Martins nest in colonies, but members of the breeding
colony are not related.
Purple Martins are swooping birds and require nesting sights at least 12 feet off the ground and in open spaces to allow these birds to freely come and go.
A cavity nester, that will use apartment type birdhouses.
Loosely made nest of grasses, twigs, bark, paper, string; egg cup lined with fine grasses and decorated with fresh leaves, 4-5 eggs; pure white and slightly glossy.
The breeding season begins in late March in the southern part of
the range, but not until late May or early June in the northern parts. (In Florida, however, nest building can begin as early as February.)
As with many native cavity-nesting species, Purple Martins compete with House Sparrows and European Starlings for nest sites.
In many regions, such as the eastern United States, martins are extremely dependent on human-provided nest boxes.
Nest building starts about a month before the first egg is laid.
Initially, pairs may begin to build in more than one cavity.
Eventually one cavity is chosen, and the male and female build a nest made of grass, stems, twigs, straw, bark, leaves, and mud.
The nest cup is lined with fine grasses and green leaves.
Fresh green leaves are brought regularly until the eggs hatch.
No one really knows for sure why martins do this.
The nest also has a mud or dirt rim that may prevent the eggs from rolling out and deter rain from coming in.
Incubation and Care:
Females incubate their eggs for 15 to 16 days. When females are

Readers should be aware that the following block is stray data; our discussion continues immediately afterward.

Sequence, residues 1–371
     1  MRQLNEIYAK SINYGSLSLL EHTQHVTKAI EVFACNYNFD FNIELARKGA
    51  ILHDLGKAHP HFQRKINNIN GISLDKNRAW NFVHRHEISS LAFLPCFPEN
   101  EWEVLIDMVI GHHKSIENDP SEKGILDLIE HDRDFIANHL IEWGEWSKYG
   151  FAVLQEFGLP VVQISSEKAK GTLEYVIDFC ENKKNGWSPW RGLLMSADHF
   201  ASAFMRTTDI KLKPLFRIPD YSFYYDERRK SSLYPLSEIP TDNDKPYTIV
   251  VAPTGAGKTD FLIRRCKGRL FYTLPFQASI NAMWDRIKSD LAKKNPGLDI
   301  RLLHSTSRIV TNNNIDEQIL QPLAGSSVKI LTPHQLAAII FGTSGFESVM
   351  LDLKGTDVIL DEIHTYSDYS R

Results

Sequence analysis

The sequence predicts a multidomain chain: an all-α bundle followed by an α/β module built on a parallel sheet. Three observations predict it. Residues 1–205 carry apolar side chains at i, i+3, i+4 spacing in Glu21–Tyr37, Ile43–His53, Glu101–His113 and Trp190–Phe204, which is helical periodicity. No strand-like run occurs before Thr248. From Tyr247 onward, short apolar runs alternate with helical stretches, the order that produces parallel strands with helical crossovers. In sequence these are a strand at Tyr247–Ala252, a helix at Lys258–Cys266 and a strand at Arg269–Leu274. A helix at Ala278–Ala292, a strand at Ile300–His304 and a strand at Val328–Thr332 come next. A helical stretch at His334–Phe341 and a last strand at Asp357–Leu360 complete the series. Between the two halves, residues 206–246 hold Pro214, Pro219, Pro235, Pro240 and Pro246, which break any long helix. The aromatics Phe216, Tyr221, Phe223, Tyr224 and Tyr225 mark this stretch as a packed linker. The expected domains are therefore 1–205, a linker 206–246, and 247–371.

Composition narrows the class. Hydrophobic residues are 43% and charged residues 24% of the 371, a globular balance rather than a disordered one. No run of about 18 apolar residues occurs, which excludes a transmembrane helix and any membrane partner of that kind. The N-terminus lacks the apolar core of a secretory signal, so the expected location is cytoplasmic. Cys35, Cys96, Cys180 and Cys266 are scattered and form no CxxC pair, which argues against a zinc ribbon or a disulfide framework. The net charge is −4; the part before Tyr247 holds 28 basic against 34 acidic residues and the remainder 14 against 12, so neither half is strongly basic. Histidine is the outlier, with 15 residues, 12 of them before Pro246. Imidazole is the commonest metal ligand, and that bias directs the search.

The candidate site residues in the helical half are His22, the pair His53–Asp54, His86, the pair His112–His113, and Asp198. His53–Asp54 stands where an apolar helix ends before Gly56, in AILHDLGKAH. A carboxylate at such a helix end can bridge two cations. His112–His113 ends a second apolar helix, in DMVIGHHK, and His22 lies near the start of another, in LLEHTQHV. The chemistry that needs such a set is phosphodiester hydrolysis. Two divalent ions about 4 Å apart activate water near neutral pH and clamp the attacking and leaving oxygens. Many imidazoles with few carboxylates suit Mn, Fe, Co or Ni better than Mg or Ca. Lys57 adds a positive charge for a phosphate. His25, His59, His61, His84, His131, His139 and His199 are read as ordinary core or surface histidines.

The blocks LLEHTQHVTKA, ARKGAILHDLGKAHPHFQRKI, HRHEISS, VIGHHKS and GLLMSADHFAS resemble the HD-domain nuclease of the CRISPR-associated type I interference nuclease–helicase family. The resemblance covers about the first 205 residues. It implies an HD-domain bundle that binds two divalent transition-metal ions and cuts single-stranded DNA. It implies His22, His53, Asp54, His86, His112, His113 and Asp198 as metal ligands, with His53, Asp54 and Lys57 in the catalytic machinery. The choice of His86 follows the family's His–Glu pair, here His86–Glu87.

absent from the nest, males may sit on the eggs or sit at the nest entrance to guard it.
Males may also stand over the eggs to prevent cooling.
Hatching is asynchronous; that is, all of the eggs don't hatch at once.
Hatching may occur over two to three days.
Both adults feed and care for the nestlings.
The young fledge after 26 to 32 days; sometimes they stay in the nest longer.
As the young leave the nest, the parents try to keep their brood together, but family mixing within the breeding colony often occurs.
Sometimes the fledglings are mobbed by members of the colony.
The reason for this is uncertain.
(Purple Martins in Arizona nest in Giant cactus).
Some researchers believe this prevents the fledglings from imprinting on the colony site.
Others believe it is to keep them from coming back to steal incoming food from younger colony mates in neighboring compartments.
The fledglings remain dependent upon their parents for up to two weeks after leaving the nest.
Purple Martins have one brood per season.
Two broods during one breeding season is considered rare, though they will re-nest if nest failure occurs early in the nesting cycle.
Winter Movement and Dispersal:
After the breeding season, Purple Martins assemble into large flocks.
Eventually these flocks migrate to parts of South America, including Brazil, the Amazon basin, Bolivia, and Paraguay.
The Purple Martin Conservation Association reports that approximately 10% of juvenile birds returns to their natal colony.
Another 30% returns to the general vicinity of their natal colony.